I have a simulated data set showing distribution of a certain habitat type as a point pattern.

Then I have a empirical data set but there the format is raster.

The two datasets are covering the same area.

How can I compare these two data sets?

I want to know if the simulated data is a good representation of the empirical one.

I use R for the analyses.


1 Answer 1


What exactly are you wanting to compare? A point pattern is a representation of an explicit spatial process that is significant from a spatial random assumption. A raster does not meet the same criteria of a point process. You can test the similarity of values but, this does not at all demonstrate the equivalency of an underlying spatial process.

Think of what is happening here, you are trying to compare a set of points that explicitly represent a discrete spatial process (event) to a systematic array of points with arbitrary spacing that can represent any number of spatial domains.

I would point out (pardon the pun) that ecological phenomena, such as vegetation cover or habitat type, do not meet the assumption of a point process. A point pattern (process) represents a set of "events" that exhibit random or spatial characteristics that can be quantified statistically. The idea that a simulated point process is a sampled representation of a empirical process occurring across discrete areas is an erroneous assertion. Discrete areas do not represent a point process and point pattern analysis statistics are quite inappropriate!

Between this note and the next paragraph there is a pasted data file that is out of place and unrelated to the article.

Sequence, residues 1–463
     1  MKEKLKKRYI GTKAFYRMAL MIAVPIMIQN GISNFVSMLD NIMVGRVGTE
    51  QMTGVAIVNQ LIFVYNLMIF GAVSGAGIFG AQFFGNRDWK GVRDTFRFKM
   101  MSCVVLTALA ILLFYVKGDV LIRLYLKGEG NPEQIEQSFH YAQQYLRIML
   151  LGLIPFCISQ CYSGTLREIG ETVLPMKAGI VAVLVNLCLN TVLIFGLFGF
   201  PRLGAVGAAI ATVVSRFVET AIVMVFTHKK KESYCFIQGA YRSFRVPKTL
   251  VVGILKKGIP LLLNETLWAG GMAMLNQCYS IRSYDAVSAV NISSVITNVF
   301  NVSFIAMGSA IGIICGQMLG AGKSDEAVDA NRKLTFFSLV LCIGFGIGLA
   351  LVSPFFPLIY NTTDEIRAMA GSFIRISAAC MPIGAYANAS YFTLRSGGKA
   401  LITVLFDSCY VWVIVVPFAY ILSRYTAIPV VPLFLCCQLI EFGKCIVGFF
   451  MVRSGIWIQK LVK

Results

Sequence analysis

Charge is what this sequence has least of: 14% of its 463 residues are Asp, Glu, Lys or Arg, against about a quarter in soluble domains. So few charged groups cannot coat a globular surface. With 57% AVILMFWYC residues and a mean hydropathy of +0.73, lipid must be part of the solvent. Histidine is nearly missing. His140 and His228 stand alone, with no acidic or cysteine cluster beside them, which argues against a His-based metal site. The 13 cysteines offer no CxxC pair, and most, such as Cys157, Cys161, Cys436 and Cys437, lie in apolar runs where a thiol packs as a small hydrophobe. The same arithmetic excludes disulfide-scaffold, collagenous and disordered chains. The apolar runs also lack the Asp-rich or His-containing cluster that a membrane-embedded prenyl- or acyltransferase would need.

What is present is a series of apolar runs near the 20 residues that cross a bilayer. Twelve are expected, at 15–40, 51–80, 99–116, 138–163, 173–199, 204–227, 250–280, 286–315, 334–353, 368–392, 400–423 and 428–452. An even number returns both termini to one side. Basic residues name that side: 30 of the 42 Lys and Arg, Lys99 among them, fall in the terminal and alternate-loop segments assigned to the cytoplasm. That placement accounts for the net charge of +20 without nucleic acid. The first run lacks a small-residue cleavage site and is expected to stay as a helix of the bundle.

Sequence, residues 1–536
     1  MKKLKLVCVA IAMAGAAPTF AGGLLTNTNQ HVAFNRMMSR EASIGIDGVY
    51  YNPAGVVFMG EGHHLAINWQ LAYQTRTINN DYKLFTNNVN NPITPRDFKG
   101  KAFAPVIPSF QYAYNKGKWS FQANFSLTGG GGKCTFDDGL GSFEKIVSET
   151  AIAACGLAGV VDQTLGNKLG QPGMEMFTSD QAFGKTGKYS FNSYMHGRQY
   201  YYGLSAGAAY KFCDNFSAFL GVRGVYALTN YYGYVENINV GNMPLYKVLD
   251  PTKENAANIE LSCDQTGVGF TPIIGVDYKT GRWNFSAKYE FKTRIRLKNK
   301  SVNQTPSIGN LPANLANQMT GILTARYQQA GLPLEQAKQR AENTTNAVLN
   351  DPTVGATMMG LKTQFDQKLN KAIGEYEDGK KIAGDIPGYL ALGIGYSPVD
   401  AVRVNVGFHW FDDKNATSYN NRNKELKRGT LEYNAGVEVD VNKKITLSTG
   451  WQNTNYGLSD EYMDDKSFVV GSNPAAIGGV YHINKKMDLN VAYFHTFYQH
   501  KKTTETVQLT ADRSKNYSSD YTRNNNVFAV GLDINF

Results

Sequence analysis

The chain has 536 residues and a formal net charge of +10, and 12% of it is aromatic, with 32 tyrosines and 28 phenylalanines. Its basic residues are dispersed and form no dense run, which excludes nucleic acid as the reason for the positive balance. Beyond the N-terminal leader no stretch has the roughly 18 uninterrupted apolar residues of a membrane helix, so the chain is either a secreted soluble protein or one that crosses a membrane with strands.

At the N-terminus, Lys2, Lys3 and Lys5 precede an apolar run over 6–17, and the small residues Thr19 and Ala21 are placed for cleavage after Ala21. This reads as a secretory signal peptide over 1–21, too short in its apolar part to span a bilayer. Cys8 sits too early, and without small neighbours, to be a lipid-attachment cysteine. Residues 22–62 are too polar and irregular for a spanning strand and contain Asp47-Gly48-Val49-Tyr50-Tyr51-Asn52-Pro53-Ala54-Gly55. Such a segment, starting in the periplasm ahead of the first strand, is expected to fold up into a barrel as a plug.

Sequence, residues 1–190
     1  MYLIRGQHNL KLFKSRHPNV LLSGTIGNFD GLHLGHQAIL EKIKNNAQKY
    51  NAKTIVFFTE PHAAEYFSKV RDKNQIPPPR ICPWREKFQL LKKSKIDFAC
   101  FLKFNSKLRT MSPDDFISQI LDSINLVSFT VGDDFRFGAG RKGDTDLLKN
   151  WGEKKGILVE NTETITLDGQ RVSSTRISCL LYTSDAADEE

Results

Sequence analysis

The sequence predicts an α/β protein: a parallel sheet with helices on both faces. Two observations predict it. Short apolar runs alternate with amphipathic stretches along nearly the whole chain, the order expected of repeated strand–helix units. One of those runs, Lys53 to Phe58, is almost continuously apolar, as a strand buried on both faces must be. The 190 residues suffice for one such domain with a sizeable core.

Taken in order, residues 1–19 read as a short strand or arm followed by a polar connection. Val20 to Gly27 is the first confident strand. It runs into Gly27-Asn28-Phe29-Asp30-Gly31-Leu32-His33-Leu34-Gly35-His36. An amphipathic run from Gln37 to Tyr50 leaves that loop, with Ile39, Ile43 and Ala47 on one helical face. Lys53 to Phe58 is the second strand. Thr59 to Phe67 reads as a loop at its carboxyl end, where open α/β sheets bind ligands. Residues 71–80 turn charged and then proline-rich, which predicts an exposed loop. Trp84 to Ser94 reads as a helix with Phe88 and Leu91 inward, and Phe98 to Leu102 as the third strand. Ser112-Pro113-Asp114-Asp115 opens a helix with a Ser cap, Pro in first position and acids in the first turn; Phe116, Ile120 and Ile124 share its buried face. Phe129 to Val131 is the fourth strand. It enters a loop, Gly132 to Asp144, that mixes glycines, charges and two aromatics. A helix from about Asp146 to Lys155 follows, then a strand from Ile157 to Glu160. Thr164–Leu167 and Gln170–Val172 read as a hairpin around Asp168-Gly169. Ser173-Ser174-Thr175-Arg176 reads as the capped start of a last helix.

I would imagine that you would benefit researching "neutral theory" and its extensions into landscape pattern. Bob Gardner published several papers on neutral models for testing null hypotheses of landscape process (eg., Pearson & Gardner 1997) and developed the RULES software. This would seem much more appropriate than a simulated point pattern approach.

Based on additional information from the OP citing Lindström et al., (2010), I will expand my answer. The difficulty here is that simulated neutral point pattern landscapes (NPPL) are a function of the Kernel that defines the autocorrelation characteristics of the expected patch dynamics. This makes it very difficult to perform any type of direct comparison of the empirical landscape and the simulated NPPL. One would have to incorporate characteristics of the Kernel function into the habitat raster before comparing to the point pattern. You are still stuck with attempting to compare area characteristics to a point. Perhaps, if the Kernel function used to simulate the NPPL is uniform and not adaptive, you could use a focal operator, that shares the Kernel definition, to smooth the habitat raster and then perform some type of direct comparison between the two data. Because it will accept virtually any matrix definition as the Kernel (window), this should not be too difficult to specify in R using "focal" in the raster package. The ArcGIS focal function will also accept an ASCII file that defines the Kernel (see; NbrWeight inKernelFile arguments in FocalStatistic).

  • Thanks a lot for your answer Jeffrey. The story behind my question is that I used a method described in rspb.royalsocietypublishing.org/content/278/1711/1564.short to generate landscapes where the habitats are distributed in a more or less aggregated manner. The landscapes are neural point pattern landscapes (NPPL). Then I got empirical data on predicted suitable habitat for some species and wanted to see if the NPPL landscapes are comparable with the empirical data, e.g are the aggregation pattern similar. Are the simulated landscapes a good approximation for the empirical ones.
    – AnnEk
    Jun 30, 2016 at 9:21

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